During one of my earliest visits to Chiang Mai, my rented apartment had a westward facing view. And from the ninth floor, the top of the building, the balcony that runs the width of the apartment provided for a spectacular viewpoint of Doi Suthep, the west guardian of old Chiang Mai. And from that time, these memories return.
Chiang Mai is positioned in a ‘bowl’ with mountains encircling it on three sides. Not closed in, though. Rather, a somewhat spacious encircling. From my sliding glass doors and windows view, and a relaxing chair on the balcony, I awake each morning to the beautiful sight of the sun’s rising rays reflecting back from the brilliant gold of Wat Doi Suthep.
Later in the afternoon, I’ll watch as the clouds float around the doi (mountain) summit, conjoin, and then gently roll down the mountainside in patches of rain, at first light, then fuller as it nears the city. About this time, my friend Picko calls from his workplace, soon to leave on his way back to the apartment, and asks, “Is it raining in the city yet?” The answer is always “yes”.
Some days after the rain and as dusk nears, I’m treated to some of the most beautiful sights I’ve ever seen. The hues of the setting sun in, around, and behind Doi Suthep, and rainbows arching over the mountains of the remaining city sides provide a sight of considerable beauty. Once I saw my first and only double rainbow, two totally complete and complementary rainbows.
But the entrancing charm of the walled and moat-ed city of old Chiang Mai, is but the beginning of the lure of Northern Thailand.
We left mid-morning heading for Chiang Dao. It’s just a couple of hours from Chiang Mai (depending upon the city’s traffic – Chiang Mai is, after all, a city!), but the scene is much different. There it is rural and forested.
Along the way, one has choices. A visit to the orchid farm (highly recommended, for these fanciful and intriguing creations are quite a delight); an elephant camp (yes, those pachyderms can “perform” oil painting and play soccer just like the adverts claim trained as they are, and you can take a ride high atop their swaying massive bodies along a jungle path, but shepherded by the “mahout” [each elephant has its own trainer for life – the mahout]); a snake show (I chose to avoid that); and any number of other indigenous attractions; and some not so indigenous, such as the bungee jump (I definitely avoided that!)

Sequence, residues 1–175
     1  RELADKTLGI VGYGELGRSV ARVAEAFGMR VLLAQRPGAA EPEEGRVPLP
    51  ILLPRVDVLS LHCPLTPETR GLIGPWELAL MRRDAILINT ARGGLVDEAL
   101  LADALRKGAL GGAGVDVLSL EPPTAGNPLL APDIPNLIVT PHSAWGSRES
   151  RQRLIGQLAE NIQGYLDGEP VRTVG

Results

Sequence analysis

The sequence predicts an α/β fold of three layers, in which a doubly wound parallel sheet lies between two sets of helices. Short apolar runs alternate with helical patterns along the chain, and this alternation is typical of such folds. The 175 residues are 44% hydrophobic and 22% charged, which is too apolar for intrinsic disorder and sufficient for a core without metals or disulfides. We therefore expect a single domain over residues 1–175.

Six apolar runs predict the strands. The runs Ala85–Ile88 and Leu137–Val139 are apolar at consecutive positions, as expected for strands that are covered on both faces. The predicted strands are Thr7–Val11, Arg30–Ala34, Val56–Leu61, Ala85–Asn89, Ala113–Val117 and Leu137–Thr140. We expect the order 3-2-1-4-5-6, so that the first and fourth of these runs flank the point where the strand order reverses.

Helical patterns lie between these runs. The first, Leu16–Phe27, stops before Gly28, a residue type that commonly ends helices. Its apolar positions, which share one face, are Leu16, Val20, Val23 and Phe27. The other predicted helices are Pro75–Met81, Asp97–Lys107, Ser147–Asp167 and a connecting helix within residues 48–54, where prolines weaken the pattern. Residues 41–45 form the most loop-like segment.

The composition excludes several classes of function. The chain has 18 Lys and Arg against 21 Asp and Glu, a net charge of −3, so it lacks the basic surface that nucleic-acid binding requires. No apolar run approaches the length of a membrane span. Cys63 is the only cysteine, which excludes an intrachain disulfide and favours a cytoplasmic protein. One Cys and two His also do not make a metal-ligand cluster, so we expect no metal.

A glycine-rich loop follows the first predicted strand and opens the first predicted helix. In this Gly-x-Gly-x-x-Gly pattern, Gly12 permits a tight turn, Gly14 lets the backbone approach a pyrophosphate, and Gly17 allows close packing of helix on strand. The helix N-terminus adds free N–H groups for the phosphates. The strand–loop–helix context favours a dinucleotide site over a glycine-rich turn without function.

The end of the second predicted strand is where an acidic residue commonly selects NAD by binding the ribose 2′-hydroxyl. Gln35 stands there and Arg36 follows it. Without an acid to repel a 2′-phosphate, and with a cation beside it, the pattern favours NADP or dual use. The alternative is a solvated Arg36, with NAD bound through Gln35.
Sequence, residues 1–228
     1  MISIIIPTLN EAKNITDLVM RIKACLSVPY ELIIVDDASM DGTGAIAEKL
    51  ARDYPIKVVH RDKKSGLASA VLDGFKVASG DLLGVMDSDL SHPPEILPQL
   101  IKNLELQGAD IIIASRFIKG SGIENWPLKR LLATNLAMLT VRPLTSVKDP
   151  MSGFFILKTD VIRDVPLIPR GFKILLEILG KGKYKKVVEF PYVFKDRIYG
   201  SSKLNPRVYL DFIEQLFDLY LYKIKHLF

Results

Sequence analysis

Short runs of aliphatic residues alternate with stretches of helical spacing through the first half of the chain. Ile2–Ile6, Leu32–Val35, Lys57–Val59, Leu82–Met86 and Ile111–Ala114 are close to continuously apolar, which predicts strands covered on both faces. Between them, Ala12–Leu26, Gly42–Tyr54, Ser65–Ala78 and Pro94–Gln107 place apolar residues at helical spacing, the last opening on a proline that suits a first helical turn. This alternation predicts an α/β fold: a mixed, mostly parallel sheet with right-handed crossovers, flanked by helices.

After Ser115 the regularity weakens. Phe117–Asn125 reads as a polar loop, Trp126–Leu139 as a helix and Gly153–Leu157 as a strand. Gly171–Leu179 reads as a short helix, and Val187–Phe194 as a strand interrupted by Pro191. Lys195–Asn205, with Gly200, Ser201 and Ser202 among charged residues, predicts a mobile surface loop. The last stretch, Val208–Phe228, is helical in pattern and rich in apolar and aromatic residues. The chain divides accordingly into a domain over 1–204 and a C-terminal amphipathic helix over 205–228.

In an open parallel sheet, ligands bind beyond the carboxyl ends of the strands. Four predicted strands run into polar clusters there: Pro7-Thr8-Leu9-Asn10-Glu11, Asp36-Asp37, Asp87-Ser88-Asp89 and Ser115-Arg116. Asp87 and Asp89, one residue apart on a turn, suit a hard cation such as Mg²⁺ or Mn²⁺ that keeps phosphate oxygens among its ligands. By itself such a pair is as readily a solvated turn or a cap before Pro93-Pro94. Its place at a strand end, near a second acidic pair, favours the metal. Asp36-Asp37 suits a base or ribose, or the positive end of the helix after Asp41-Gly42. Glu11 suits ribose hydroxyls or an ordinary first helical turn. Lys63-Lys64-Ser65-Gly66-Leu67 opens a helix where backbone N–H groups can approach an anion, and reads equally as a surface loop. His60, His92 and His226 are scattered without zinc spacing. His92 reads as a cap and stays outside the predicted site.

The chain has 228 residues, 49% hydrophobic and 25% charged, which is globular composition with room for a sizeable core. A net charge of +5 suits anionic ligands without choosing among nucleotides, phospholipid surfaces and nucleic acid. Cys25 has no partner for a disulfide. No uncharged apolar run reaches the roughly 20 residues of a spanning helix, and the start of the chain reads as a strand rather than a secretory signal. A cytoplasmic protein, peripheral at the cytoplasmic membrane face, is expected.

Arriving in Chiang Dao, we made for our overnight lodging, the Chiang Dao Nest. They refer to themselves as a mini-resort. It is tucked in and nestled among the folds of the mountainous Chiang Dao Wildlife Sanctuary. Jagged, tropical, heavily forested soaring peaks all around, with the green oasis of the “Nest” resting in the center.
They say that they have Thai and British management. That’s Wicha (Thai) and Stuart (British) and their young, multilingual reared son Joseph. Wicha, who speaks excellent English, has quite the chef’s resume. She has trained in England and Europe and worked and traveled all around the world. Her cooking at the Nest is, for sure, one of its strongest draws. World class cuisine would not be an overstatement at all. But, this outstanding cuisine, presented in such an otherworldly setting makes for a unique and world class experience. The meals are taken in the pavilion connective to the kitchen, but open-sided all around. The early evening tropical air gently and lazily passes over you and occasional sounds from the forest pique your interest as you sip your aperitif and read the day’s fare chalked on the blackboard. My! How could one possibly acquire the ingredients, let alone prepare, a menu of such depth and sophistication, and then present it here in the jungles of Northern Thailand!? But Wicha does. And in so doing she displays the skill that ranks her as an outstanding chef.
After dinner, we walked back to our bungalow along the small crush-stoned paths through the manicured wilderness, marked by small path lights, the only lights here --- save for the stars. My, dark can really be dark.
During the evening, those stars retreated. And a light rain began to fall. By early morning, the steady dripping of that light, but insistent rain, on the tin roof of the bungalow brought back such fond recollections of similar sounds from my childhood in another rural setting on the other side of the globe. I arose early and sat on our small porch and, waiting for the early rays of light, luxuriated and was transfixed in that hypnotic sound.
The Nest’s trees are tall, quite tall indeed. As the light rain fell onto and then downward amongst them, the air was washed clean and the green was more lush than any I’ve ever seen.
After a savory breakfast at the pavilion with the freshening rain still falling, we packed, loaded the Honda Jazz and made for parts even further north, further into Lanna --- the old kingdom predating Thailand. Lanna = “a million rice fields”.
All for now from the jungles of Northern Thailand, and the rice fields of Lanna.